I'm keeping this in the visual FX topic, because the nature of the shot. Not to mention when shooting a baby there are all kind of visual FX going on, except they are behind the camera.
The shot originally intended to be my character (Ernesto) talking to Dr. Julius about how it is time to go to war and that we must gear up. Ernesto turns and picks up my baby daughter wearing a monkey outfit and says "Oh sweet, sweet monkey. The war has begun." For some reason I thought this was the funniest shit ever. A deranged asylum caretaker with a voice box talking to a baby in a monkey outfit, thatâ€™s funny. But when I told this to people I usually got a "What the hell is wrong with you?" look. At the last minute I came up with the giant "Twisted Machine of Science".
Ok, with all that useless back-story here is a brief synopsis of the shoot.
I new I wanted to have the baby surrounded by weird machinery. Somehow connected to motorcycle engines, pile drivers and monitors but I had people over at the house and we needed to shoot quick. It was nighttime and babies sort of get this weird, loopy "I got to burn off steam" phase right before their bedtime. They scream loud one minute and are laughing and flailing the next. Completely bi-polar. This was exactly what we needed.
I put the baby in her high chair and set her up in the middle of the house. We turned off all the lights and put some black fabric around the chair while dressing up the baby in all white. Once I hit her with a spot light ( I really didn't HIT her, I just shined light on her) I was able to set the exposure and close up the iris a little so to turn the background completely black. Now it looked like we had the baby just kind of sitting there in the dark with some wooden arm rests from the high chair.
Again, luckily the baby was going through her "Am I happy, am I sad, WHY AM I STRAPPED IN THIS CHAIR! LET ME OUT DAMMIT!" stage. I basically set up the camera and then my wife, Michael Smith, Mike Baker and myself got behind the camera and made cutesy faces. I wish we filmed that, it could have made a surreal dream sequence in the movie. We shot about 15 minutes of the baby. We got her laughing. We got her screaming. We got her trying to take her socks off (a shot I was hoping to use in episode 2).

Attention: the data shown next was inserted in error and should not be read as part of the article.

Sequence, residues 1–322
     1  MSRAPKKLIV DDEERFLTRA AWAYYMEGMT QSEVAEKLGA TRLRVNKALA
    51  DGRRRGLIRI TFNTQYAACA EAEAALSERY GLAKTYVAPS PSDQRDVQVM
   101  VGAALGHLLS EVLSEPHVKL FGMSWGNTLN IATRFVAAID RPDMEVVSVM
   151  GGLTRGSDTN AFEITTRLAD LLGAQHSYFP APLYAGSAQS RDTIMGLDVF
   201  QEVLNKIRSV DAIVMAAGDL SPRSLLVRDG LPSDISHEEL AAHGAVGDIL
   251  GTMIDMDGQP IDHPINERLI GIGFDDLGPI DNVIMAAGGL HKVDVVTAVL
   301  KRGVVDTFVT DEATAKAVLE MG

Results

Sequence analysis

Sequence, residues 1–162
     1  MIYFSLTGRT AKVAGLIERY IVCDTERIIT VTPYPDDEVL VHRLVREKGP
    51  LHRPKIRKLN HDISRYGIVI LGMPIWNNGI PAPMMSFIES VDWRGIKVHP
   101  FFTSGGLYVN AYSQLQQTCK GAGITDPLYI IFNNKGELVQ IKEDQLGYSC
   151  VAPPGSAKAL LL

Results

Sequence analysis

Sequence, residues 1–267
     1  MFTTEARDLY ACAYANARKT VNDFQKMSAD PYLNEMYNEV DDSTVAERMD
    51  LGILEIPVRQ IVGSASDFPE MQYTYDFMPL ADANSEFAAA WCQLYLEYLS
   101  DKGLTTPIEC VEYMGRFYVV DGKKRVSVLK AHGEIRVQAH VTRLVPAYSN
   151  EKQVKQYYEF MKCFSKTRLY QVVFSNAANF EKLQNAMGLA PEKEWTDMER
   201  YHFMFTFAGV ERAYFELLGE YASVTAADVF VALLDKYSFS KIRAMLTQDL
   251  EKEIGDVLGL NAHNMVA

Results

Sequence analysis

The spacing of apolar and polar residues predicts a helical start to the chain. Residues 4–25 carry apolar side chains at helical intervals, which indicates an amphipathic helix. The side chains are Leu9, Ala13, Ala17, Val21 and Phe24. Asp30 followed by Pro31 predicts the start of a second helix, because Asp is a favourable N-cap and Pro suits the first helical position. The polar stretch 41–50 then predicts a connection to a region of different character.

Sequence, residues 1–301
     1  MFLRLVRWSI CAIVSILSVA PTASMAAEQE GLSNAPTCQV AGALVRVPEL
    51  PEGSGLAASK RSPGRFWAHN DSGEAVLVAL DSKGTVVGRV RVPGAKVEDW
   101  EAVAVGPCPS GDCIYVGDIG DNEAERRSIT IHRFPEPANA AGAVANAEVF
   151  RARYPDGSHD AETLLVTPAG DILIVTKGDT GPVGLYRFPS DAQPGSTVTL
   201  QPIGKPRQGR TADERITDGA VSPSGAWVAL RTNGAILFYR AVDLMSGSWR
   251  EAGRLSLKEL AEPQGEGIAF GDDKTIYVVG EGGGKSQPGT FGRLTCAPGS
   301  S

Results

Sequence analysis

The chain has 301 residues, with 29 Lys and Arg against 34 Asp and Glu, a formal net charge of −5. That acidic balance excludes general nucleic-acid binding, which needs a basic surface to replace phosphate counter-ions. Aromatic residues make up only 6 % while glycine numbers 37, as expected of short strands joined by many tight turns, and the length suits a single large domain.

"That baby is ridiculously cute, to the point of being unsettling. It looks ....smug. That baby has a look on its face like it knows what it's doing."
Yea, she is a cute one, pretty blessed to get her. (I'm talking like an adult and shit, now that is unsettling.)
To get the final shot was kind of an odd moment. All of us behind the camera started to make music. My wife was singing these little cutesy rhymes and I was slapping my legs like I belonged in STOMP and Mike Baker was making some weird kazoo like noise through his nose. We were like some inbred hillbilly folk group. All the while Michael Smith was standing away from the camera trying not to laugh and ruin the audio of the shot, as if we could really use this audio for something.
Once the baby heard this fantastic music playing she started to dance in her seat. Rocking back and forth and laughing. As the fantastic music continued she started to have this tight lipped smile and held her head up into that "smug" position, as though we were some deformed, midget jesters performing for the princess on her throne of darkness in the family room.
That basically sums it up. This was a lot of writing for just saying we acted stupid and the baby smiled.
For the effect itself, I mainly just used PhotoShop and Final Cut Pro 3. I exported a frame of the baby in the chair and worked on top of that in PhotoShop. It is made of different photos of machinery I took, found in free stock photo libraries on the net or just simply made in PhotoShop. The machinery is nothing more than a matte painting that I overlayed on top of the baby footage. The cool thing about using "PhotoShop" with "final cut pro" is that when you import a PhotoShop file with many layers those same layers are automatically created into video layers in Final Cut. Pretty handy.
I was able to take the layers I made for the animating pipes and just simply key frame them back and forth so they looked like pile drivers. The shot right after the baby, where the two scientists are talking, the pipes in the foreground are the same ones just blown out of focus.
Well, that pretty much covers it. Not much of a tutorial, more like a long rambling. This really wasn't a difficult scene. If you want to know about how we shot or did FX on any of the other scenes feel free to ask.
By David Hartman.